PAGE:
Most importantly, dosing allergic mice with the micelles was shown to prevent a life-threatening anaphylactic response when they were exposed to peanuts. “This type of therapy is not antigen specific,” Cao notes. “So theoretically, it can be broadly applied to any food allergies through the modulation of gut health.”

Next up are trials in larger animals, followed by clinical trials. If those trials succeed and the U.S. Food and Drug Administration (FDA) approves the oral treatment, the micelles could be marketed in small packets; consumers would tear open a packet and stir the contents into a glass of water or juice. In other work with the micelles, the research team is analyzing data on treating inflammatory bowel diseases with the oral therapy.

The scientists are also investigating administration via injection. The researchers have shown that this method allows the micelles and their butyrate cargo to accumulate in lymph nodes, which are part of the immune system. They found that this approach is effective in treating peanut allergies in mice, but it could also be used to suppress immune activation locally — rather than throughout the body. For instance, injections could be helpful in patients who have had an organ transplant or who have a localized autoimmune and inflammatory condition, such as rheumatoid arthritis.

The researchers acknowledge support and funding from their start-up company, ClostraBio, and the University of Chicago.

Title
Microbial metabolite butyrate-prodrug polymeric micelles promote gut health and treat food allergies

Abstract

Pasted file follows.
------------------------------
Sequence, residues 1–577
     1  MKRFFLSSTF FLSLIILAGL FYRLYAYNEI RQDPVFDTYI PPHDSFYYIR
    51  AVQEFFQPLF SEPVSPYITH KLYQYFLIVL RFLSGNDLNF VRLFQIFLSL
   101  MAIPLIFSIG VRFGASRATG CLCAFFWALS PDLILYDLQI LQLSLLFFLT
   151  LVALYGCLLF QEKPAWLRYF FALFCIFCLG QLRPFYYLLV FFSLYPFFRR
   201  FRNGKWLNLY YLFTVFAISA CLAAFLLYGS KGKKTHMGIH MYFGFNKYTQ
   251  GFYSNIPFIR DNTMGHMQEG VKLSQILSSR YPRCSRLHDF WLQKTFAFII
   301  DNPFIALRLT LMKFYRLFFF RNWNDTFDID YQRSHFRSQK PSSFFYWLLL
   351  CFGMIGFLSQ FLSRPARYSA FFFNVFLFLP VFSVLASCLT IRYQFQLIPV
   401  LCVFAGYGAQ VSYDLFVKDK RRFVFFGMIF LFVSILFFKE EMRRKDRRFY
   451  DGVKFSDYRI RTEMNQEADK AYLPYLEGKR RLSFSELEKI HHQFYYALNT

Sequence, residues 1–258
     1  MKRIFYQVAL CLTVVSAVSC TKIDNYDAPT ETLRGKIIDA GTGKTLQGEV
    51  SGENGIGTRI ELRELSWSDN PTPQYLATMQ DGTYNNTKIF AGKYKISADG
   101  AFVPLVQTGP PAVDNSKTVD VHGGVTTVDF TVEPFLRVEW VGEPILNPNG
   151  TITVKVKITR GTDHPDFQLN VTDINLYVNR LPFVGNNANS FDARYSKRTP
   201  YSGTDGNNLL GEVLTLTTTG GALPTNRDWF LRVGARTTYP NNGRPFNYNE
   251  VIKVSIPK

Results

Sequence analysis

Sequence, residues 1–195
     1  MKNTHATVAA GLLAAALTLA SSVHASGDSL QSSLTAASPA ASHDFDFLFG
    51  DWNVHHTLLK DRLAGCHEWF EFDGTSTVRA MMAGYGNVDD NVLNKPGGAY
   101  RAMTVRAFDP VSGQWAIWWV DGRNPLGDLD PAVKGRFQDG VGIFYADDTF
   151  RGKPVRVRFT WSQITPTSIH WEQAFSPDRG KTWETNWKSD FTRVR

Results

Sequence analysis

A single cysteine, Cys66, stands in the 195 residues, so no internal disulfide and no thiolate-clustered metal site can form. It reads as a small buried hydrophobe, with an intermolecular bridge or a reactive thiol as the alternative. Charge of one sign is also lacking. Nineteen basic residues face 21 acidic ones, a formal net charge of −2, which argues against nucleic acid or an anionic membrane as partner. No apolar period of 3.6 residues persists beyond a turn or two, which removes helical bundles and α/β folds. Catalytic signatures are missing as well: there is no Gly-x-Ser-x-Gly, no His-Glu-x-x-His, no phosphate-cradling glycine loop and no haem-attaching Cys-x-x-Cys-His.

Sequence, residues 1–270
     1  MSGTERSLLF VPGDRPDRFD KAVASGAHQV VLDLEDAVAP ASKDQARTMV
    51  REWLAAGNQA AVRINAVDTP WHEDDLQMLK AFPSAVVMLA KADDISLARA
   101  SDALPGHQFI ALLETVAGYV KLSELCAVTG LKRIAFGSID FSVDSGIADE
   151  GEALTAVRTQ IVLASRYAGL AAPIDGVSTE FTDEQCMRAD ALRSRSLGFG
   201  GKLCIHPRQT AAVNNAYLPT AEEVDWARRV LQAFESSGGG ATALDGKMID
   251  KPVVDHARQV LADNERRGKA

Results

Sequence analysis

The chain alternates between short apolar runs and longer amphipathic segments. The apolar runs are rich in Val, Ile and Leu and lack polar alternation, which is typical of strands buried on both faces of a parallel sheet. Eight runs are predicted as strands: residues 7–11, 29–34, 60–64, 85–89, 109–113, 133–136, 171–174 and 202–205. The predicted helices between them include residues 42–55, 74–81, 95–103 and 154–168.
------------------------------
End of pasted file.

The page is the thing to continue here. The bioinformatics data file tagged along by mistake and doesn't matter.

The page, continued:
The gut microbiome has myriad effects on both mucosal and systemic health. Resident commensal bacteria play a critical role in the maintenance of mucosal homeostasis, in part through their production of short-chain fatty acids, especially butyrate. Although butyrate is known to play important roles in regulating gut immunity and maintaining epithelial barrier function, its clinical translation is challenging due to its offensive odor and quick absorption in the upper gastrointestinal tract. Here, we designed two block copolymers that contain a high content of butyrate and self-assemble into water-suspendible micelles. These two copolymers consist of a hydrophilic block, poly(N-(2-hydroxypropyl) methacrylamide) or poly(methacrylic acid), with a hydrophobic block, poly(N-(2-butanoyloxyethyl) methacrylamide), thus connecting a backbone sidechain to butyrate with an ester bond. These two copolymers form micelles with either a neutral charge (NtL-ButM) or a negative charge (Neg-ButM). Each micelle releases butyrate from their polymeric core in the ileum or the cecum, respectively, after intragastric administration to mice. These polymer formulations mask the foul smell and taste of butyrate and act as carriers to release the active ingredient (butyrate) over time as the micelles transit the GI tract. Treatment with NtL-ButM in germ-free (and thus butyrate-depleted) mice up-regulated genes expressing antimicrobial peptides in the ileal epithelium. We show that these butyrate-containing micelles, used in combination, restored a barrier-protective response in mice treated with either antibiotics or dextran sodium sulfate (DSS), a chemical perturbant that induces epithelial barrier dysfunction. Twice daily intragastric administration of our butyrate-prodrug micelles ameliorates an anaphylactic response to peanut challenge in a mouse model of peanut allergy and increases the abundance of bacteria in a cluster (Clostridium Cluster XIVa) known to contain butyrate-producing taxa. By restoring microbial and mucosal homeostasis, these butyrate-prodrug polymeric micelles may function as a new, antigen-agnostic approach to the treatment of food allergy.